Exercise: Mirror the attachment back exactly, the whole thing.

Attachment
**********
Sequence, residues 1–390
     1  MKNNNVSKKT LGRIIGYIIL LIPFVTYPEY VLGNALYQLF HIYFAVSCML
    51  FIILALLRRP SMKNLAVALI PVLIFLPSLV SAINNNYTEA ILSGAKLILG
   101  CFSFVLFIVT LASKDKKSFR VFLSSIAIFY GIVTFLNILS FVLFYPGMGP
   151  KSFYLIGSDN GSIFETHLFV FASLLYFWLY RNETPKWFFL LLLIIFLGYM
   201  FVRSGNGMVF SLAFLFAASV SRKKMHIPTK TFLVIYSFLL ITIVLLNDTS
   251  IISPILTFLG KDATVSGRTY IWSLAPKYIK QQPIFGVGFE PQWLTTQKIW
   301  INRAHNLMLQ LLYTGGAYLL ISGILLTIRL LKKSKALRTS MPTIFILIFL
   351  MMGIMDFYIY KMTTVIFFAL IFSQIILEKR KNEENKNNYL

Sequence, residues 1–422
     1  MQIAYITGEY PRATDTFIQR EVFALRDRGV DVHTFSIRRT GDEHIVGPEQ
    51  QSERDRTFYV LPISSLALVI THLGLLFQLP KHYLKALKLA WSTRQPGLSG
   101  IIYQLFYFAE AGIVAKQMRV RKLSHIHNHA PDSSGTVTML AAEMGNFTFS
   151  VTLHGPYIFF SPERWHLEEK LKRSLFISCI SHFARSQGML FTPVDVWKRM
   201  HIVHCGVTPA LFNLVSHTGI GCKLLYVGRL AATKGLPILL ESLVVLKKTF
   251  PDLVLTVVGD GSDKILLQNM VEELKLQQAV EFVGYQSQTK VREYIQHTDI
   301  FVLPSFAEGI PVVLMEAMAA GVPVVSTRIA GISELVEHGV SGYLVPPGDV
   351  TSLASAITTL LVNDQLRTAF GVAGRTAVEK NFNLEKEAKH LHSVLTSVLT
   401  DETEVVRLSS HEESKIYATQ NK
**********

Sequence, residues 1–390
     1  MKNNNVSKKT LGRIIGYIIL LIPFVTYPEY VLGNALYQLF HIYFAVSCML
    51  FIILALLRRP SMKNLAVALI PVLIFLPSLV SAINNNYTEA ILSGAKLILG
   101  CFSFVLFIVT LASKDKKSFR VFLSSIAIFY GIVTFLNILS FVLFYPGMGP
   151  KSFYLIGSDN GSIFETHLFV FASLLYFWLY RNETPKWFFL LLLIIFLGYM
   201  FVRSGNGMVF SLAFLFAASV SRKKMHIPTK TFLVIYSFLL ITIVLLNDTS
   251  IISPILTFLG KDATVSGRTY IWSLAPKYIK QQPIFGVGFE PQWLTTQKIW
   301  INRAHNLMLQ LLYTGGAYLL ISGILLTIRL LKKSKALRTS MPTIFILIFL
   351  MMGIMDFYIY KMTTVIFFAL IFSQIILEKR KNEENKNNYL

Sequence, residues 1–422
     1  MQIAYITGEY PRATDTFIQR EVFALRDRGV DVHTFSIRRT GDEHIVGPEQ
    51  QSERDRTFYV LPISSLALVI THLGLLFQLP KHYLKALKLA WSTRQPGLSG
   101  IIYQLFYFAE AGIVAKQMRV RKLSHIHNHA PDSSGTVTML AAEMGNFTFS
   151  VTLHGPYIFF SPERWHLEEK LKRSLFISCI SHFARSQGML FTPVDVWKRM
   201  HIVHCGVTPA LFNLVSHTGI GCKLLYVGRL AATKGLPILL ESLVVLKKTF
   251  PDLVLTVVGD GSDKILLQNM VEELKLQQAV EFVGYQSQTK VREYIQHTDI
   301  FVLPSFAEGI PVVLMEAMAA GVPVVSTRIA GISELVEHGV SGYLVPPGDV
   351  TSLASAITTL LVNDQLRTAF GVAGRTAVEK NFNLEKEAKH LHSVLTSVLT
   401  DETEVVRLSS HEESKIYATQ NK